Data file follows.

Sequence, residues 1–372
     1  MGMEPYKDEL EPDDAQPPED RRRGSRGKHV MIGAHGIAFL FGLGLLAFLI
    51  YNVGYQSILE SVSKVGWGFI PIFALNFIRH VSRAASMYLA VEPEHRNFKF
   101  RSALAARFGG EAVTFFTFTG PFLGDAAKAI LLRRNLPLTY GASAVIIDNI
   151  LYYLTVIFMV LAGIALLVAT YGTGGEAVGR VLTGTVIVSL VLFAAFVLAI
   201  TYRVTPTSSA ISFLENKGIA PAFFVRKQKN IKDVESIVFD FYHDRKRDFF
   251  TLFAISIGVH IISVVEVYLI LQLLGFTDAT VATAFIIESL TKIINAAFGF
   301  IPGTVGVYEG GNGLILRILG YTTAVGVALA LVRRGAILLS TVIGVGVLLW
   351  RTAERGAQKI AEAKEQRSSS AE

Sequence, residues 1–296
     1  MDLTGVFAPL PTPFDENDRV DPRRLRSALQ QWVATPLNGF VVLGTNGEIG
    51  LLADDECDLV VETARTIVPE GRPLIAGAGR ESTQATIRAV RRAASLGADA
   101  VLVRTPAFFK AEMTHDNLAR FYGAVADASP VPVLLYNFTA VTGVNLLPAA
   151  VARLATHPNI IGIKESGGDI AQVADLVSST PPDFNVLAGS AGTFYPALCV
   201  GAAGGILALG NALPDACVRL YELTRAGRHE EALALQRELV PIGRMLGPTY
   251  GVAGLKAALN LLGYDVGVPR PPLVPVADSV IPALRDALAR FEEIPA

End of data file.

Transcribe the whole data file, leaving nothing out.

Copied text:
Sequence, residues 1–372
     1  MGMEPYKDEL EPDDAQPPED RRRGSRGKHV MIGAHGIAFL FGLGLLAFLI
    51  YNVGYQSILE SVSKVGWGFI PIFALNFIRH VSRAASMYLA VEPEHRNFKF
   101  RSALAARFGG EAVTFFTFTG PFLGDAAKAI LLRRNLPLTY GASAVIIDNI
   151  LYYLTVIFMV LAGIALLVAT YGTGGEAVGR VLTGTVIVSL VLFAAFVLAI
   201  TYRVTPTSSA ISFLENKGIA PAFFVRKQKN IKDVESIVFD FYHDRKRDFF
   251  TLFAISIGVH IISVVEVYLI LQLLGFTDAT VATAFIIESL TKIINAAFGF
   301  IPGTVGVYEG GNGLILRILG YTTAVGVALA LVRRGAILLS TVIGVGVLLW
   351  RTAERGAQKI AEAKEQRSSS AE

Sequence, residues 1–296
     1  MDLTGVFAPL PTPFDENDRV DPRRLRSALQ QWVATPLNGF VVLGTNGEIG
    51  LLADDECDLV VETARTIVPE GRPLIAGAGR ESTQATIRAV RRAASLGADA
   101  VLVRTPAFFK AEMTHDNLAR FYGAVADASP VPVLLYNFTA VTGVNLLPAA
   151  VARLATHPNI IGIKESGGDI AQVADLVSST PPDFNVLAGS AGTFYPALCV
   201  GAAGGILALG NALPDACVRL YELTRAGRHE EALALQRELV PIGRMLGPTY
   251  GVAGLKAALN LLGYDVGVPR PPLVPVADSV IPALRDALAR FEEIPA